SPS = Satellite Phone Store
QRM = Radio Interference from Man-made Sources (as opposed to QRN = Natural Sources; e.g., lightning)
When Bill and I first started making plans to rent an Iridium satellite phone, way back in March, it was with the idea that it would give us a way to make phone calls from the boat in an emergency. At $1.25 a minute, we certainly wouldn't use it for everyday chit-chat and email. But something happened during the shopping process. I found lots of places that would rent us a phone for $60 a week, with $1.95 a minute airtime. For a ten-week rental, that would be $600 just for the phone, then you would need to rent the external antenna and the data kit for connecting the phone to the computer (as a modem), and then buy a SIM card for $975 (500 minutes x $1.95 per minute). Plus tax ($$$), two-way-shipping ($$$), and insurance ($$$). Then I discovered the Satellite Phone Store in Florida that was selling used phones outright for $695 and offering a 500-minute SIM card for $625 ($1.25 per minute). So I emailed them and we made a deal, phone, 500 minutes, and all accessories included, for $1700. The phone arrived, with all accessories, a week later. But it was DOA. So I called them up and, after playing phone tag for about a day, they agreed that the phone was defective and they would repair it if I sent it back, which I did. In due time, the repaired phone arrived and it did work, for voice. I did not test its data capabilities until I got to Hawaii.
Long story short (I know, too late!), when I got to Hawaii, I hooked the phone up to Bill's computer and, lo-and-behold, the data capability did not work. Since departure date was about a week away, too short to get a new phone, I was freaking out. I spent hours researching this problem on the Internet and leaving panicked messages at SPS. I even went over to Rick's house to try it on his computer, and Bill and I went to Radio Shack to buy replacement data kit parts, but nothing worked. Finally, primarily through guesswork, I changed a modem setting and got it to work, but not at the full specified speed of 19,200 bits-per-second. Does anyone remember an era when dialup modems were rated at less than 56 kbps? Anyway, it was working well enough at 9600 bps that we could shov e off and be reasonably confident that our SPS email (spsmail.net) would work for us.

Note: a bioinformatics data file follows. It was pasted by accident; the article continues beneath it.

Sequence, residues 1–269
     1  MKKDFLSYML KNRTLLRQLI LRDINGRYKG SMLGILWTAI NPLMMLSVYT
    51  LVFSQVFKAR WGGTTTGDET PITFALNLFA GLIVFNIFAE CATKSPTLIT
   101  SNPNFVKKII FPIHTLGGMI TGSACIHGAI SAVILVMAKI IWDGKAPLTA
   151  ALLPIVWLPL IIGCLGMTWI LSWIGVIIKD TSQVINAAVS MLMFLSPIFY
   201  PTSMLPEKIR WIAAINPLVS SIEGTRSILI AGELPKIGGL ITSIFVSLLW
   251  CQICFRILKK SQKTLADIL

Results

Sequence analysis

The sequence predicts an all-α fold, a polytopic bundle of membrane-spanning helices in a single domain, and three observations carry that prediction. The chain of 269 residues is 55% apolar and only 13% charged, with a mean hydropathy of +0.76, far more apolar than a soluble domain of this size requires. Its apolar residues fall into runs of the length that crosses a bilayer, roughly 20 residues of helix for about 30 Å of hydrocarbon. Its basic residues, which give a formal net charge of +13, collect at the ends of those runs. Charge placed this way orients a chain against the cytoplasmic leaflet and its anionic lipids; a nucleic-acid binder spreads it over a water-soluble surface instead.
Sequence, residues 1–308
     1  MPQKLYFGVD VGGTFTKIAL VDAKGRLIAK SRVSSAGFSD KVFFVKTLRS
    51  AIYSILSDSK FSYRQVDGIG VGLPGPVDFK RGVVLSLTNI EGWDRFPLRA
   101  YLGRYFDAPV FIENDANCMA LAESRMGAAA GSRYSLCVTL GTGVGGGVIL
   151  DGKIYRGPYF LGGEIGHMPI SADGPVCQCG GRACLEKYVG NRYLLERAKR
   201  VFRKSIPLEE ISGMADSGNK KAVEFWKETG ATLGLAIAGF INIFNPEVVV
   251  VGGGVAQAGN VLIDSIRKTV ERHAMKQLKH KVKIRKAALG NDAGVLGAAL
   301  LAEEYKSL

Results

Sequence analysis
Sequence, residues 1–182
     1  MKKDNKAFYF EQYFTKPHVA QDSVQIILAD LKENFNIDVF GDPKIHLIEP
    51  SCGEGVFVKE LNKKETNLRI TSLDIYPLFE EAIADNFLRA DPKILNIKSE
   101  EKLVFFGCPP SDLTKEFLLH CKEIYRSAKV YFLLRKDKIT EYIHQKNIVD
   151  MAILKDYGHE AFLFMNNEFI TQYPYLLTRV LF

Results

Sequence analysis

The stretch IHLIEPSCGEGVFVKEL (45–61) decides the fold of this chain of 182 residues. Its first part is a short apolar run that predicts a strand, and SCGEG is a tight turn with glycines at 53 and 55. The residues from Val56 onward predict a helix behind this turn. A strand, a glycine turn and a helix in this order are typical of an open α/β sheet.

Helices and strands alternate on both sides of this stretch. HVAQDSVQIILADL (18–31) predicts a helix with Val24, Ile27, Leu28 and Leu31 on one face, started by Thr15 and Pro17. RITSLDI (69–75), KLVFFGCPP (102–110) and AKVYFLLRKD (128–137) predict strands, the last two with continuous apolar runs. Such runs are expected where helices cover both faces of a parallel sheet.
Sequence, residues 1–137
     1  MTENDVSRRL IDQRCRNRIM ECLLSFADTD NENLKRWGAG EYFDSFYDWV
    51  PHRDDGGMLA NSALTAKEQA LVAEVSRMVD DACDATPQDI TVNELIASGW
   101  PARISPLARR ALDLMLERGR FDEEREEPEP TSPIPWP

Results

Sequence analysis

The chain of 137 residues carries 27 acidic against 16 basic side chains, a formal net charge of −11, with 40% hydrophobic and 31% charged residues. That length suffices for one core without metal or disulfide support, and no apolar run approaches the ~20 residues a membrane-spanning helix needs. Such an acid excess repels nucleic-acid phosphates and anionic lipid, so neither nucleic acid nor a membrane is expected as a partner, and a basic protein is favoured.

However, this left me hugely anxious, but not for the obvious reason. The obvious reason would be that I had bought what I thought was a 19,200 bps modem and all I got was 9600; in effect, I was baited and switched. True, but no big deal. What really concerned me was the possibility that this symptom indicated a more serious hidden problem and that the whole thing might fail at any moment. That was eating at me.
Once we were at sea, I had two three-hour watches every day when I was mostly alone, inventing mental tricks to stay awake, and stewing about this modem situation. Finally, one day after my watch, I sat down and wrote a long scathing email to SPS about how unhappy I was. That led to a series of tech support email exchanges that eventually involved the company UU+, the Morro Bay software vendor for SPSmail. I had determined that I could force the modem into the 19,200 bps mode, and it would work, but just until I ran SPSmail, which would then cause it to fail. At this point, one of the UU+ tech support guys recognized this lower data rate as a characteristic of an older generation of satellite phones, one that cannot be upgraded in the field. But at least it reassured me that this was a known problem and this was normal operation and the whole thing was probably not going to fail at any moment. So I was able to accept that this phone is working perfectly, albeit at 9600 bps, in total accordance with its (dated) specification. Whew!